What is Due Diligence in a Business Acquisition? | Hilton Smythe

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What is Due Diligence in a Business Acquisition?

The due diligence process is so important to protect you. This guide discusses the importance of due diligence and why it must be done as part of any merger or acquisition deal.

Acquiring a business is exciting as your organisation begins a new chapter, but the due diligence process is so important to protect you and the seller by confirming that all facts are accurate.

This guide discusses the importance of due diligence and why it must be done as part of any merger or acquisition deal.

What is due diligence?

Due diligence is an investigative process launched by the buyer to confirm that all facts given about the company are true. In mergers and acquisitions, due diligence involves investigating the target company before committing to a sale.

Several areas of interest will feature as part of professional due diligence, including:

  • Financial statements
  • Legal documents
  • Senior management
  • Employees
  • Target market
  • Industry

Of the 2,099 M&A deals involving UK companies in 2022, every deal differed in size and complexity. These factors influence what level of due diligence will be required for your M&A deal.

Disclosure vs. due diligence

M&A transactions also have the concept of disclosure. It’s a process closely related to due diligence and will factor into exploring a target company.

In brief, disclosure is the process whereby the seller provides relevant information and documentation about the company. According to UK law, if a seller fails to disclose relevant information, they could be sued.

This is where due diligence comes in. Essentially, you are verifying each disclosure to confirm its accuracy and completeness.

Who is responsible for due diligence in an acquisition?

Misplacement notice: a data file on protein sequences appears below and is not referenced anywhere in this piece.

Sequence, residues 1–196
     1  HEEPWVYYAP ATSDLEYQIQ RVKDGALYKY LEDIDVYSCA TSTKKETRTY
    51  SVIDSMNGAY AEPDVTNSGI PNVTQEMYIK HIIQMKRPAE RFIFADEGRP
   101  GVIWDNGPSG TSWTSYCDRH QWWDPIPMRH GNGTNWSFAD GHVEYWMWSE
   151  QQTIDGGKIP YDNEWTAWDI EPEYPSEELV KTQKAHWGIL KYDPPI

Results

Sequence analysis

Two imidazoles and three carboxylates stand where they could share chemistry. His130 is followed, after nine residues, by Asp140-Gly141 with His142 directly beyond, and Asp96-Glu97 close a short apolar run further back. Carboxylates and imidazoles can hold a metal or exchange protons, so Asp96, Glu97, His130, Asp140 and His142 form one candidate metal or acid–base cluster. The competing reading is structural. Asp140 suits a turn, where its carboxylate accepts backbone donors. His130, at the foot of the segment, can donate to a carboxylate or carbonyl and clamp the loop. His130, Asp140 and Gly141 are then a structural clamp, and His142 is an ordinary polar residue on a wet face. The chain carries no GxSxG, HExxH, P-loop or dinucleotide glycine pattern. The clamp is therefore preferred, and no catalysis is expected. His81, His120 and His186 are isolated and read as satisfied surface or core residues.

The buyer is always responsible for carrying out their due diligence in an acquisition. If the seller has disclosed all relevant information accurately and the buyer fails to investigate it, the legal concept of caveat emptor, or let the buyer beware, will likely come to the fore.

No buyer is legally required to conduct due diligence, but it would be foolish not to. Without due diligence, you rely on the seller’s disclosures at face value.

Typically, a buyer will form a team to lead the due diligence process. This may involve consulting with a due diligence firm specialising in M&A deals.

Why is due diligence important in business acquisitions

Due diligence is always crucial in any M&A deal for buyers and sellers alike.

Firstly, the buyer must be aware of the caveat emptor concept. If you decided to buy a second-hand car without inspecting it, you would find it challenging to get your money back if it had problems. Why? Despite the seller providing disclosures, you didn’t do your due diligence.

The same goes for businesses but on a much larger scale. Get it wrong, and it could derail your business acquisition plans and cost your firm valuable time and money. Moreover, if issues do appear during your due diligence, you have several options, including:

  • Asking for a discount on the initial purchase price.
  • Demanding an indemnity within the final purchasing agreement.